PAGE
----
This is a fake fake blog, because even though it is not real-time, I was actually at the Open Publish 2007, Sydney conference, unlike my real fake real-time blogs. They will be putting presentations online next week.
I chaired a full-day Symposium on Standard Open Document formats on Wednesday. Alistair Spiers has blogged on this. We had four sections.First I talked about the history of document technologies and standards, for context, looked at the modern ZIP-based formats, and at the similarities and differences between ODF and Open XML, especially looking at the differences in their goals from their standards.
Rather than being theoretical, we then spent most of the day with presentations from two developers talking about their actual experiences in integrating systems around Open XML and ODF. We certainly have arrived at the point where real implementation experience is available that trumps fact-free blather and FUD.
Jason Harrop is well-known from his SpeedLegal days, and showed a collabarative multi-version editing system built on custom XML (adding structures to the linear text) in Office 2007: he had a helper application in Word and the data was sent to a backed Java-based repository which handled shredding and storage issues. He didn’t report any particular problems with formats, just that you need to be careful with namespaces. The system would be good for people collaborating on many kind of legal documents.
Dr Ian Barnes from Australian National University is working in a similar area to Dr Peter Sefton (they are mates, I gather) and his talk was concerned with his Digital Scholar’s Workbench project, whch uses Open Office and ODF to pivot through DOCBOOK to various output formats: and various issues related to multi-publishing and making it appealing for data entry people to use stylesheets. Interestingly, the project grew out of student assignments, where changes in technology allowed a toy problem to inspire a practical result.
I finished off the afternoon with a walk through the standards process, and where Open XML was up to. At the end, we had a welcome lurking visit from Chandi Perera, who emphasized that at the commercial CIO level the issue of standards is entirely subservient to issues of ROI, execution etc.
I didn’t attend any conference presentations, but I had reports that it was the best program yet. The Dr Raymond Wong paper on his new compressed, indexed, DOM/XML-friendly format caused quite a stir in particular. The paper will be up at the Open Publish site, but from what I understand from the drinks session (which I did attend) the format splits the document into a novel tree/index structure at its top, and the data content at the bottom: because the document is smaller than the raw XML it is suitable for transmission and because it can be used directly (it is not a compression per se) without decompression it can be loaded and used directly by DOMs. It sounded to good to be true, but Raymond answered the various questions I had, so it looks good enough to be true now!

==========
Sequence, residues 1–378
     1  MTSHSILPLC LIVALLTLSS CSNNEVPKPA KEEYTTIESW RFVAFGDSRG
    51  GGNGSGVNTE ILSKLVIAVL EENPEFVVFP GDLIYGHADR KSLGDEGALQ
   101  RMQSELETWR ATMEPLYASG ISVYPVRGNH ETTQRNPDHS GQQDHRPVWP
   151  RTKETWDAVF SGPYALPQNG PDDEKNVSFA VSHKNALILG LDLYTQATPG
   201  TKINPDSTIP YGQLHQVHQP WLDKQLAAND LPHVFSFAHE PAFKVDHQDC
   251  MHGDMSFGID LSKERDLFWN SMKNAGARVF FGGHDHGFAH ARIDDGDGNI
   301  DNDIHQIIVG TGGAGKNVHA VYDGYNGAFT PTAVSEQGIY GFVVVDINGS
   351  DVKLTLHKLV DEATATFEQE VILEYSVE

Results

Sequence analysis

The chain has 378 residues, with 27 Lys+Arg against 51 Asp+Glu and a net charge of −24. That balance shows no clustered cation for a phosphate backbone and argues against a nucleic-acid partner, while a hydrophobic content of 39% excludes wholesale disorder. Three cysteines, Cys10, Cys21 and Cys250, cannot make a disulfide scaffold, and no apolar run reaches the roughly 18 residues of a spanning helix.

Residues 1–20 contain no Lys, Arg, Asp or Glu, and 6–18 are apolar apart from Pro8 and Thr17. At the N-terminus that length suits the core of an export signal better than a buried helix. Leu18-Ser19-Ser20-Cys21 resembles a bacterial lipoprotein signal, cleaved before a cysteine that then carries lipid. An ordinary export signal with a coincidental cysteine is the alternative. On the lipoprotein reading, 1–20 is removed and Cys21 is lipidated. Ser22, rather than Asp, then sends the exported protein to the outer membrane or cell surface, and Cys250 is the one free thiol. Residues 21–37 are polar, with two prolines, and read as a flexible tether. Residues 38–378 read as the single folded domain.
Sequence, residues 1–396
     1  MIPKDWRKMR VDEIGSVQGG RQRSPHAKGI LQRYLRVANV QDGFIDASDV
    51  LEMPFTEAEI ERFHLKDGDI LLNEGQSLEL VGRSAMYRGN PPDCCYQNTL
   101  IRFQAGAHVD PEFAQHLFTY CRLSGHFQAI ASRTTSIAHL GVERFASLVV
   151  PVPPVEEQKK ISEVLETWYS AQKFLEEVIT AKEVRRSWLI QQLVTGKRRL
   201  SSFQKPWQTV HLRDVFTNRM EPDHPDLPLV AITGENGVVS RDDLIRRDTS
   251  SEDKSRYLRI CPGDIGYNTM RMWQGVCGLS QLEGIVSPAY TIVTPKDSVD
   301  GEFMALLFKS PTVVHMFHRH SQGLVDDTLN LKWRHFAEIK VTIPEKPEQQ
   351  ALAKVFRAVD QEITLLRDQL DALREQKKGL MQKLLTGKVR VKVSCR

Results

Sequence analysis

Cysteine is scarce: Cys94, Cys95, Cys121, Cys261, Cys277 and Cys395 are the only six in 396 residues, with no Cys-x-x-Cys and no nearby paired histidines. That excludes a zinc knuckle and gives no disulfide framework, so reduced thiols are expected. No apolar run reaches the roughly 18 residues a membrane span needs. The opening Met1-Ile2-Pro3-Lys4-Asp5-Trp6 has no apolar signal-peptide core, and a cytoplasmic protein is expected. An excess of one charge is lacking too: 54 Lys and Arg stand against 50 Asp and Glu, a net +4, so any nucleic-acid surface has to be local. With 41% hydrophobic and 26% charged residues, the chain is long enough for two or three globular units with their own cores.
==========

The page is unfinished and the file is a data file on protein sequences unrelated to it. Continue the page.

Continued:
I gave the closing keynote, on “The True Saga of Wikigate” and the audience laughed and cried at the right moments. There were many more questions than I anticipated, particularly about whether Wikipedia was reliable. I said that I thought it was excellent general, and that my experience of them was really constructive, but that if you see a page where only one side is represented (e.g. if there are many links to one side of the story only) you should beware.
In the final conference debriefing session, Nick Carr made an interesting point. He said that this was the first time in all the years this conference (and its predecessors, XML Open and SGML Open) has been running that there have been *no* presentations giving some trick or product or technology for trying to shoehorn Word into an XML or SGML production process. In previous years there have always been two or three, typically with some combination of VB and massage. It is quite remarkable how far we have come since 2004 where I reported of the same conference in this blog If I were to pick a theme or meme, it was that the decision on whether and how to support Word was the by far the most critical decision for most large XML deployments.
The sister conference Open Standards 2007 will be held 15,17 November in Sydney, again in partnership with OASIS.